Cecilia Atkins (she/her) - Stanford in Madrid
Major: International Relations
Minor: Creative Writing
College year while abroad: Junior
About the photo: This photo is from a day trip I took to Cuenca. Cuenca is a historic city nestled in the mountains a couple hours east of Madrid and it’s a designated UNESCO World Heritage site. It’s a bit off the beaten path, but definitely deserves a spot on the list of places to visit in Spain. We had an incredible day roaming around, stopping for a long Spanish lunch, and soaking up the beauty and peace of this somewhat lesser-known town.
Questions and Answers with Cecilia
Why did you choose to study abroad in Madrid?
I’ve studied Spanish since first grade and I always knew that I wanted to study abroad in a Spanish-speaking country and have as immersive an experience as possible. The language pledge for the Madrid program appealed to me as an opportunity to develop fluency in Spanish. I had studied abroad in Galicia, in the northwest of Spain, in high school, so this time around I wanted to be in a large capital city that serves as more of a crossroads and central hub. I had also just finished an internship in Madrid the summer before my autumn study abroad and that cemented my desire to keep living in and exploring Spain.
What were your expectations before you went and how did those change once you arrived in Madrid?
I didn't expect to form such strong bonds with some of the people in my program, it just wasn't something I had thought much about before studying abroad. But, I came away with many new, deep friendships that shaped my experience abroad and continue to shape my life back on campus! I also hadn’t known what to expect from my professors and classes in Madrid, but I loved Dr. Joe Lipsick’s class and Prof. Miguel Larrañaga Zulueta’s class and found myself constantly engaged and excited by all of the new material we covered.
What were some of the academic benefits from studying abroad in Madrid?
The language pledge was challenging to stick to at first, but really brought the entire experience into focus. My Spanish improved dramatically, and using it everyday in academic and non-academic settings helped me move around the city with ease. Other academic benefits included the access we had to centers of culture and art via the incredible museums in Madrid and our Bing trip to Sevilla and Córdoba.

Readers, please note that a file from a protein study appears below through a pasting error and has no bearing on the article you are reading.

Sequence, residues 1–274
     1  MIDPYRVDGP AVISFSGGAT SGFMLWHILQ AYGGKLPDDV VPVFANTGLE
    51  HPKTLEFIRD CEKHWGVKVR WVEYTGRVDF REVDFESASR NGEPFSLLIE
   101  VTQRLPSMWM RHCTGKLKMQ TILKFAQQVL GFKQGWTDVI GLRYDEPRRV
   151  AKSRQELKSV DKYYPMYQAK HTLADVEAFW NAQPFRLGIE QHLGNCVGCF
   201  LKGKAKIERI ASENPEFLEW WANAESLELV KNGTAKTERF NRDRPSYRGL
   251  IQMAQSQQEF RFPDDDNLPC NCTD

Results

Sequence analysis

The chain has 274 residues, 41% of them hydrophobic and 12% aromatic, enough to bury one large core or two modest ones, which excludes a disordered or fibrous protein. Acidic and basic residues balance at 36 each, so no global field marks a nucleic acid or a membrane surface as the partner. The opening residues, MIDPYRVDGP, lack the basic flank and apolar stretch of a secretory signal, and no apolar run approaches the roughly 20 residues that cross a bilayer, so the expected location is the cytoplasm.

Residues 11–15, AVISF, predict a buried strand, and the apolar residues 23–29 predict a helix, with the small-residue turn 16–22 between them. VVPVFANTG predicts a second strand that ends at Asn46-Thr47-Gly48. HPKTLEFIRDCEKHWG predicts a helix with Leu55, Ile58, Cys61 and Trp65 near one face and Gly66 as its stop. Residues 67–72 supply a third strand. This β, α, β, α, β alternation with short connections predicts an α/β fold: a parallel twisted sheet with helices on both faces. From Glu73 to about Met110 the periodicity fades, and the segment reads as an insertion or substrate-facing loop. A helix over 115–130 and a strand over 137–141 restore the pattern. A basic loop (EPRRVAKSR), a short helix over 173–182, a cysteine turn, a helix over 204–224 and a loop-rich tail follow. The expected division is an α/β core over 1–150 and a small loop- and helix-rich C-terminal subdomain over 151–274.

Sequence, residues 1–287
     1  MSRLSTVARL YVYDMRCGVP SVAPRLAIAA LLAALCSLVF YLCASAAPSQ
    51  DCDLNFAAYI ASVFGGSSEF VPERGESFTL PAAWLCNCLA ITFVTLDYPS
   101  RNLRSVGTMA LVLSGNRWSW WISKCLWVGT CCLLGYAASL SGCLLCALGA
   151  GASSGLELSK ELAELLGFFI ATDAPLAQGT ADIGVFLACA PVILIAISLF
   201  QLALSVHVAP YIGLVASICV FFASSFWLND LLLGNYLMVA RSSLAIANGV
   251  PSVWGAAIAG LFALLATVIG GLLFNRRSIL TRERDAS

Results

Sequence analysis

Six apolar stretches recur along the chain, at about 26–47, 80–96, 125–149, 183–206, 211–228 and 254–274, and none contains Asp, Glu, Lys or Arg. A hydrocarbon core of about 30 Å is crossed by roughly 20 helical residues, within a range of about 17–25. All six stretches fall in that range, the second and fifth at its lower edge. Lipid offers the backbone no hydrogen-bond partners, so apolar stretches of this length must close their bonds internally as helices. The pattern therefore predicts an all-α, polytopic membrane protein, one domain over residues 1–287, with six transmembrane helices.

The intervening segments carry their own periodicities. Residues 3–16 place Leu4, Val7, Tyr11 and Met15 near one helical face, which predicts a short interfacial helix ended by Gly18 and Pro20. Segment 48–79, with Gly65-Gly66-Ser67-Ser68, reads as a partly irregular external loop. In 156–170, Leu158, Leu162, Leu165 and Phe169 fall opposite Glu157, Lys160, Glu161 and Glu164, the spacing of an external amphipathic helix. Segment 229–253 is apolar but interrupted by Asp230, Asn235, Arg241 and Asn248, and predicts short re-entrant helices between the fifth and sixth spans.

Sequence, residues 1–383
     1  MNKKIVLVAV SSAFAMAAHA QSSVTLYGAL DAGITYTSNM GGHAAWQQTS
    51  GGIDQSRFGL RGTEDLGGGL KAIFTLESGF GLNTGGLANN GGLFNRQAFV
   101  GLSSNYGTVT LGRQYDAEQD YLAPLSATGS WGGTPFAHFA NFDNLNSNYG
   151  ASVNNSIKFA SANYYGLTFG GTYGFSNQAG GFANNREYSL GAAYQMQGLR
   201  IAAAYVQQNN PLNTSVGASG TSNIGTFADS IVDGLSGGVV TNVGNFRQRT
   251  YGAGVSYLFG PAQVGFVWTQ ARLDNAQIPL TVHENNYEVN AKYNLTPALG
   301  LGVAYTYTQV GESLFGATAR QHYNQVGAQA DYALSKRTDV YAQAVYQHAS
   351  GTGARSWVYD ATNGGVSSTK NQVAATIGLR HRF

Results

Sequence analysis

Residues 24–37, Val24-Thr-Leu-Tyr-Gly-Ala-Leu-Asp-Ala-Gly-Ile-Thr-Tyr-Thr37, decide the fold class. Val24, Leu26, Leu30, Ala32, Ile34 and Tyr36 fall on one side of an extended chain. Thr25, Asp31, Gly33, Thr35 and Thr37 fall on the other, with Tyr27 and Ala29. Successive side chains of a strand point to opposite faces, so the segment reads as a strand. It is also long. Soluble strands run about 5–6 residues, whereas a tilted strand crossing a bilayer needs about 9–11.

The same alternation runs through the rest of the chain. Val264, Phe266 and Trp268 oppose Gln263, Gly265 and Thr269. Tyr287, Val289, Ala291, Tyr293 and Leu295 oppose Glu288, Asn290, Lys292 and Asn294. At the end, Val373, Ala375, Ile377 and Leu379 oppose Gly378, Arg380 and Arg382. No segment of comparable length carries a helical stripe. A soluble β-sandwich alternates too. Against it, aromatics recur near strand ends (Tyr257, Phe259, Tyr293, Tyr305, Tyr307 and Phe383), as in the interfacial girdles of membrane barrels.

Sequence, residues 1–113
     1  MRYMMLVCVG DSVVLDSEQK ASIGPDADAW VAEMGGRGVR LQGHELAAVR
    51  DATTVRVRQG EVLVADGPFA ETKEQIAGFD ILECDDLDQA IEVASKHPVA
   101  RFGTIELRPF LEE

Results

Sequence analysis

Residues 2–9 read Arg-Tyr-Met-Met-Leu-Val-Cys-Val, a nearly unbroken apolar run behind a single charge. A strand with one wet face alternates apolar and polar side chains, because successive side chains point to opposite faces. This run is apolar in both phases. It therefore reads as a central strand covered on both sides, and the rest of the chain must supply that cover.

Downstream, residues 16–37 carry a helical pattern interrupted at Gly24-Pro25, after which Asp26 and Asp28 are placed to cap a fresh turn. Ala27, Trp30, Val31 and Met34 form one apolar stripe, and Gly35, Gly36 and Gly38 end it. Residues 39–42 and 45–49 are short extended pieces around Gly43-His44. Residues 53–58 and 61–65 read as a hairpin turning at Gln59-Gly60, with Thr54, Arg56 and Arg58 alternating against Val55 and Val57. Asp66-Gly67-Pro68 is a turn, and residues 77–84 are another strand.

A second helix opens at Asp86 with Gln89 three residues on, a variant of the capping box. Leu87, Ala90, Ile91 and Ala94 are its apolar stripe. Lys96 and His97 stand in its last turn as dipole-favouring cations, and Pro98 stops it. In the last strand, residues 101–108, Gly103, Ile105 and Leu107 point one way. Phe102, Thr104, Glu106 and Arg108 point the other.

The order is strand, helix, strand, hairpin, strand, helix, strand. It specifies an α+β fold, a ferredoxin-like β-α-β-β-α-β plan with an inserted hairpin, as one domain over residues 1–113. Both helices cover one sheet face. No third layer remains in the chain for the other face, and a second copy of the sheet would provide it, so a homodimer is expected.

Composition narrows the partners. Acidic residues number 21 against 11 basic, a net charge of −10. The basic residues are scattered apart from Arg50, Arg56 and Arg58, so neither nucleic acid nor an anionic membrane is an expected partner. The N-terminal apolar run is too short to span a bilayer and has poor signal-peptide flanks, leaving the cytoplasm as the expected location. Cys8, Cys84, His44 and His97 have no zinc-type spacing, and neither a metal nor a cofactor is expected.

What did you learn about yourself while you were studying abroad?
I learned more about the different ways in which I like to explore new places, both on my own and as part of a larger group. I learned that I highly value opportunities to integrate into local communities, and I was able to do this through my volunteership at a local LGBTQIA+ non-profit.
What was the most challenging experience you encountered while you were abroad and what did you learn from it?
Initially, it was challenging to actively remind myself to switch gears from the go-go-go Stanford mentality that tends to characterize our lives back on campus to a slower-paced existence in Madrid. Ultimately, this was one of the most rewarding aspects of my time abroad. With my newfound time and freedom I explored cafes, bookstores, and museums. I took myself on long walks and engaged with my surroundings in a way that Stanford's pressures don't typically allow for. In doing so, I learned to appreciate balance and moments of connection.
What was the biggest cultural adjustment you had to make?
Discussions about race, gender, sexuality, religion, and many other facets of identity take different forms around the world. In Spain, as elsewhere, there is a lot of historical context that informs present perceptions of these topics. When engaging in these important and complex conversations in Spain, I had to adjust to make sure that I was communicating my perspective and experiences in a way that was respectful and made space for differing opinions.
What was your favorite part of your everyday life in Madrid?
Walking to school everyday with my roommate through the winding, colorful streets of our neighborhood, Malasaña. We developed a favorite route that took a little longer but took us past our favorite alleys filled with thrift shops and street art and through plazas full of conversation flowing from groups of friends crowded around metal tables.
What was the most memorable experience you had while you were in Madrid?
Near the end of our quarter abroad, my roommate and I planned to cook dinner for our host mom. We had planned to cook for roughly 6 people: ourselves and a few of her friends. However, we should've known that many more friends would stop by, as was typical in her warm and welcoming home. Luckily, we were able to make our recipes stretch and ended up feeding a dozen people! It was an evening of laughter and stories that I'll never forget.
What 5 words would you use to describe your experience?
Engaging, illuminating, formative, vibrant, lasting.
What was your favorite food you had in Madrid?
Tortilla de patatas!
What was the most valuable item you took with you on the program?
What was your favorite music/band that you discovered in Madrid?
Reggaeton in general, re-discovering old favorites and dancing to new songs.